Overall, I found the convention rather confused and disjointed. As noted in my last post, many of the speakers seemed entirely out of touch with reality.
The theme for day one was "Make America Safe Again." The Obama Administration is still having trouble wrapping up the Bush wars in Afghanistan and Iraq, but that does not seem to be what the Republicans meant. Rather, most of the speakers who spoke on theme that night at lest implied that the US should get more involved in mid-East wars. Somehow that would put an end to the few random attacks by US citizens that foreign terrorist groups have been able to inspire in the US.
Crime was also a big issue. Crime rates overall continue to fall during this administration. Murder rates are at a decades long low. Republicans seem to want to cherry pick a few statistics, such as murder rates higher in Chicago this year, and add in a few anecdotal incidents to imply that the US is in great peril from crime. The reality is that crime is lower. Despite the Donald's promise that on January 20th "peace will be restored" they did not offer much detail on what that meant or how it would happen. If it happens on January 20th the day he takes office, I assume that he must be crediting President Obama's work in restoring safety to the country. In truth, if Trump was elected, America might feel safer because the Republicans would change their tone, regardless of any underlying statistics, and would stop trying to raise a panic.
The theme of Day 2 was "Make America Work Again." Presumably this means they are promising to reduce unemployment and put people back to work. In 2009, the year Obama took office, unemployment hit 10%. Today it is 4.9%. The average unemployment rate over the last 50 years is around 6.2%, so we are actually doing pretty well right now. But you would not guess that from the Republican speeches. Perhaps they have a plan to reduce unemployment further by cutting taxes and regulations or through Trump's negotiation of phenomenal new trade deals, but I don't see it. Tax cuts can create temporary job stimulation, but little else. Trade deals that enforce a protectionist policy to bring jobs home will only create massive inflation as costs to produce the goods we consume will become much more expensive. Maybe the Republicans can make this work. But I remember the two disasters of the last two Republican Presidencies and the great cleanup work done by the last two Democratic Presidencies. I personally don't trust the Republicans with the economy.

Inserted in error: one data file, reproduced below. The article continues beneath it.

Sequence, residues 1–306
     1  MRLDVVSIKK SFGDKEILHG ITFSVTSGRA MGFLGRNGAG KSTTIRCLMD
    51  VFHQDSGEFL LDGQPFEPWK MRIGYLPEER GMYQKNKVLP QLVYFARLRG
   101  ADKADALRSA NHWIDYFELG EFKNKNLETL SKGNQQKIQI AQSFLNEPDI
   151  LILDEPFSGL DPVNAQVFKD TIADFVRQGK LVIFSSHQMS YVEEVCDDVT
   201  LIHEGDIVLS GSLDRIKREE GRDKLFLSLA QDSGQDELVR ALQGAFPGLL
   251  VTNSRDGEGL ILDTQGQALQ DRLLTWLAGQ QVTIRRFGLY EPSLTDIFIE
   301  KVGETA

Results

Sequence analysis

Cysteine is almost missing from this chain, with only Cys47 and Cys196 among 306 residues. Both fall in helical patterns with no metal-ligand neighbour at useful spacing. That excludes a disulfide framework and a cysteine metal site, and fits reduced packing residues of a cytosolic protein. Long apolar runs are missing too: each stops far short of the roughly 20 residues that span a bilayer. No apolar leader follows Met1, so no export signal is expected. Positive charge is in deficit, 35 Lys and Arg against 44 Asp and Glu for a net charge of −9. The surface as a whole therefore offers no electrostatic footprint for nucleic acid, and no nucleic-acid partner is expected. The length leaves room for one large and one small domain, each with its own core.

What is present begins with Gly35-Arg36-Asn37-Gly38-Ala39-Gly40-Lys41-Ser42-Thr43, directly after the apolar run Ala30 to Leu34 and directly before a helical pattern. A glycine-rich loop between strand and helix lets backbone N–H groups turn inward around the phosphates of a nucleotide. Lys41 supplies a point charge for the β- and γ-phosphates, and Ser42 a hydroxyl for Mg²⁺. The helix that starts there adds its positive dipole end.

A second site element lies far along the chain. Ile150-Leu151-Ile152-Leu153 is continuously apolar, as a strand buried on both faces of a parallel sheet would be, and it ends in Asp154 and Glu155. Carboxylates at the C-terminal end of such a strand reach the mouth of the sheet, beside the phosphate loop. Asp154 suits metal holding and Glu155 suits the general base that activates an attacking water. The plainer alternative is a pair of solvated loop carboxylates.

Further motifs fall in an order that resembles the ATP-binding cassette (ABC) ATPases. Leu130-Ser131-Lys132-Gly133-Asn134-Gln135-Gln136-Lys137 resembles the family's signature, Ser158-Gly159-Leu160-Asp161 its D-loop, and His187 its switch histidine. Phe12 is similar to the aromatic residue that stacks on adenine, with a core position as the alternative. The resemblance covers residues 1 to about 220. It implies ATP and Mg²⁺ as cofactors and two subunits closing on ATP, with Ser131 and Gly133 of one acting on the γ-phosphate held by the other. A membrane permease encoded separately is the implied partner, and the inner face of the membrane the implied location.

The theme of Day three was "Make America First Again". I'm not sure exactly what this was supposed to mean. Maybe it means that the government will put US interests ahead of those of other countries, something Trump has accused Obama of doing. Maybe it means that they would make America number 1 again. The US is number one by many measures, although we now have the second largest economy, after China. Maybe Trump plans to change that.
It's hard to say though, because the night's speakers really made no attempt to discuss the theme. Many of the speakers were former Trump opponents: Rubio, Walker, and Cruz. None seemed particularly convincing in their support of Trump. Cruz, as widely noted refused to endorse Trump and was booed as a result. The Hosting State Governor and Trump opponent Kasich did not speak and is among the many prominent Republicans not attending the Convention.